One night in late January, developer Will Lin held a catered party for the closing of Vancouver's Cecil strip bar, complete with strippers and lobster bisque appetizers.
Topless strippers, who had been told to keep their pants on, worked the pole for the suit-and-tie crowd that had assembled to hear about a new condo project called the Rolston.
It was an awkward merger, but one that symbolized the end of the era of strip bars and sex shops and the introduction of a new neighbourhood the developer calls Midtown.
Midtown is the future neighbourhood at the north end of the Granville Street Bridge, currently anchored by the Cecil Hotel and the Yale Hotel and Pub at 1300 Granville. By the summer of 2012, the 23-storey, gold LEED-certified Rolston condo development and restaurant is scheduled to stand where the gritty old Cecil is now.
The Cecil closes permanently this summer. Mr. Lin, president of Rize Alliance Properties, tried auctioning off the club's strip pole, but ended up buying it for charity himself, for $3,000. Pre-sales for the Rolston begin this month, ranging from $350,000 for a one-bedroom condo to $650,000 for a two-bedroom.
The Rolston and a Cressey condo development at Drake and Howe streets are the first phase of a new neighbourhood that is to get under way in the next five years. Gone are most of the pornography and drug-paraphernalia shops that dominated that part of Granville for so many years. The marketing for the Rolston is aimed at an urban demographic attracted to nearby cultural hot spots that have popped up, such as the Dance Centre, Pacific Cinematheque and the Roundhouse Community Arts Centre.
"We are selling a lifestyle, meaning they are going to use their homes for a place of rest and do a lot of entertaining in the neighbourhood," Mr. Lin says.
The Cecil Hotel pub is credited for being the locale where Greenpeace was spawned in the 1970s, back when it was a pool hall. But while the Cecil Hotel has long been a familiar landmark at the foot of the Granville Street Bridge, it's past its expiry date, Mr. Lin says.
"The demise of the Cecil as a strip bar is attributable to the Internet. I was talking to the owner and the revenue was definitely not at an all-time high. And I don't think we are taking on a big public amenity there that everybody else wants by demolishing the Cecil.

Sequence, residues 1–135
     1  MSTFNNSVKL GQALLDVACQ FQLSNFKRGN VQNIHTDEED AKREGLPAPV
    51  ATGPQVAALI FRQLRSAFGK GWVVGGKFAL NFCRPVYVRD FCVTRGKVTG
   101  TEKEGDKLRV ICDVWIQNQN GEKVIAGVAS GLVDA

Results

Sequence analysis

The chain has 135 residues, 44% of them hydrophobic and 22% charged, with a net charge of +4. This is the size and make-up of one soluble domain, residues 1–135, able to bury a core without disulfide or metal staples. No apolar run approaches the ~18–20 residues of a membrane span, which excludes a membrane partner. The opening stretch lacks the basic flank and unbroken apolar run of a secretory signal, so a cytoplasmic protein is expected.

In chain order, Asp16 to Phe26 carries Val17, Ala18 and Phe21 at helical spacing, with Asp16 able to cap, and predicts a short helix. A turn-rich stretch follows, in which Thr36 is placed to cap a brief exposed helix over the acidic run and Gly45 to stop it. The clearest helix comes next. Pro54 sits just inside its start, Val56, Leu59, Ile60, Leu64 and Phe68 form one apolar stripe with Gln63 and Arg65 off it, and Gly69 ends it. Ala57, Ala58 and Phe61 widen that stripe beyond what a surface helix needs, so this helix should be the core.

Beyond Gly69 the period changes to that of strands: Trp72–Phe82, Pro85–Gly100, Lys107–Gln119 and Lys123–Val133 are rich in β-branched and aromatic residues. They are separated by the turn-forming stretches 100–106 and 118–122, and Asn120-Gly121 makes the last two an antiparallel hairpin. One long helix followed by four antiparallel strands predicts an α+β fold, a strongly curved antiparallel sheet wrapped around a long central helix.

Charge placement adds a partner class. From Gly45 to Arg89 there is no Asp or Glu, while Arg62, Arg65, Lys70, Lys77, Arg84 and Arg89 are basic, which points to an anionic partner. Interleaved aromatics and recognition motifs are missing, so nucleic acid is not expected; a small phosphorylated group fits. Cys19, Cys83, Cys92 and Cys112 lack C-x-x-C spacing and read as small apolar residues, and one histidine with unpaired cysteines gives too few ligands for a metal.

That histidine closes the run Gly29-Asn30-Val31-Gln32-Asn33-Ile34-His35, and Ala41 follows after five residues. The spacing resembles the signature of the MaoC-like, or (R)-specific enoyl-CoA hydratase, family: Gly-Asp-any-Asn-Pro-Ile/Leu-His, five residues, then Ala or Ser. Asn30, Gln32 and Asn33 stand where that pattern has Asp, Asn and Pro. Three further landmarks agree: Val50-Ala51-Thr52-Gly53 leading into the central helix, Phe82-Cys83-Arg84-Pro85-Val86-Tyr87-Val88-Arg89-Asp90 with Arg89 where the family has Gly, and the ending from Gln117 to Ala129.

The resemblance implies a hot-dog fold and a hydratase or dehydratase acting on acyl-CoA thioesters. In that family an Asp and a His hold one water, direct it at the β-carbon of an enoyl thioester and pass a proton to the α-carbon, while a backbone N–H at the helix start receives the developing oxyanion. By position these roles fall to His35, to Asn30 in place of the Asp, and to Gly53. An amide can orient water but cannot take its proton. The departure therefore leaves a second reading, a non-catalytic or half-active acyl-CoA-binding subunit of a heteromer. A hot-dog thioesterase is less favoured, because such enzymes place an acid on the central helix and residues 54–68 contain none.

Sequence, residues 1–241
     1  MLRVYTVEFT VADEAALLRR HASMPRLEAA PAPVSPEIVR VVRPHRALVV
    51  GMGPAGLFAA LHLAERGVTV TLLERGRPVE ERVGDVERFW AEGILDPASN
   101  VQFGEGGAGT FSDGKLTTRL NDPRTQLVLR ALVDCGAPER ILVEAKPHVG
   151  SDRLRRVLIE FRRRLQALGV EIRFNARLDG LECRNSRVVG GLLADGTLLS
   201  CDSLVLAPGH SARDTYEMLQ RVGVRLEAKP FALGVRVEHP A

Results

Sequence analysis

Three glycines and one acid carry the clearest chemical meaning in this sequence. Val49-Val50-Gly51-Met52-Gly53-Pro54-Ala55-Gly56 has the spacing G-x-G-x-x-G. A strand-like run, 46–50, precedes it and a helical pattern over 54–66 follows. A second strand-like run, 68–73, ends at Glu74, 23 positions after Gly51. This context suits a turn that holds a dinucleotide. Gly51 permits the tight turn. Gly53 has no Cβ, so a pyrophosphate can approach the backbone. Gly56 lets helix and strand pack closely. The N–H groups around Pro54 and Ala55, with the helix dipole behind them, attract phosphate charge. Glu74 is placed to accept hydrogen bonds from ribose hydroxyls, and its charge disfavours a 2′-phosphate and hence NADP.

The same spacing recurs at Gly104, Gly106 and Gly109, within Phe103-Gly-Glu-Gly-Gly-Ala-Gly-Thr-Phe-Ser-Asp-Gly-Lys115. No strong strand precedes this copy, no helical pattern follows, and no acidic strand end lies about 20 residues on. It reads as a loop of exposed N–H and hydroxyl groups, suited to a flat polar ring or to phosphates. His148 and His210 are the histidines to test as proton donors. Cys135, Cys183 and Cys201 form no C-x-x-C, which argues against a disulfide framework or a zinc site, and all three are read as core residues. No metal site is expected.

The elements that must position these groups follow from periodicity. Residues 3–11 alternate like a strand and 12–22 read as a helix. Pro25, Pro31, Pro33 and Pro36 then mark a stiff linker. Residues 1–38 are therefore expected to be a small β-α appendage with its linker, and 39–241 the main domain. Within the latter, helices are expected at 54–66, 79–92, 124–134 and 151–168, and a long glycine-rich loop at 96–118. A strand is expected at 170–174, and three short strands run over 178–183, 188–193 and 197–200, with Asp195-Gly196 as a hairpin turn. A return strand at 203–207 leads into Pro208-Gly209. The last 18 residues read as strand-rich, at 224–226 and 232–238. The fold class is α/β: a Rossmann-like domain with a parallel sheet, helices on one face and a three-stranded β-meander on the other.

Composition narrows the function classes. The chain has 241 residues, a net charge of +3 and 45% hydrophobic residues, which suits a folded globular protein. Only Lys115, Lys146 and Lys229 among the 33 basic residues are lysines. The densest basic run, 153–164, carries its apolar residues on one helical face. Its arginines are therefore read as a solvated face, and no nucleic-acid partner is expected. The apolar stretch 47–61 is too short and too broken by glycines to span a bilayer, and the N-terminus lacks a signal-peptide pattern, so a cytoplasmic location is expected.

"When people start moving into a neighbourhood, they turn it into a neighbourhood that they want to live in," he adds.
The Yale pub, famous for its blues acts, will also get a facelift and continue as a major destination for blues-music fans. As for the hotel part of the century-old Yale, originally built to house CPR workers, the 44 residents won't be forced out. Part of the deal with the city is that the rooms will be renovated for 44 single-room occupants.
The long-term city plan, approved a year ago, involves light industrial property, a public-market-type area, condominiums, retail and better transit routes. The plan includes a radical transformation of the north end of the bridge: the two off-ramps - also known as the "Granville loops" - will be removed entirely and replaced by the traditional street grid. The area, bounded by Drake, Howe, Pacific and Seymour streets, includes the redevelopment of several city-owned sites composed of market and non-market housing. The dark area under the bridge will be better utilized as a market-style shopping district that will resemble the look and scale of Granville Island.
In other words, the loops at the north end of the bridge are a waste of space. With 31,000 cars on the Granville Street Bridge every day, only 5,000 use the west loop and 3,600 use the east loop, according to a city study.
"The transportation plan looked at some site-specific initiatives that would take areas of the downtown that had really been designed to favour automobiles and change it to favour pedestrians or transit or cyclists," senior central area planner Michael Gordon says. "And definitely one of the areas that was problematic was where we have the two loop structures.